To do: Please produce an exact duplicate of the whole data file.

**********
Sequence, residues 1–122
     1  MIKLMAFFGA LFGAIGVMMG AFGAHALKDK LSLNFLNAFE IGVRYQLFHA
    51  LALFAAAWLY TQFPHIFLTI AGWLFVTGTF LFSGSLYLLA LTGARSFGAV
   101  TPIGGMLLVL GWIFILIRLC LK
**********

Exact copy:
Sequence, residues 1–122
     1  MIKLMAFFGA LFGAIGVMMG AFGAHALKDK LSLNFLNAFE IGVRYQLFHA
    51  LALFAAAWLY TQFPHIFLTI AGWLFVTGTF LFSGSLYLLA LTGARSFGAV
   101  TPIGGMLLVL GWIFILIRLC LK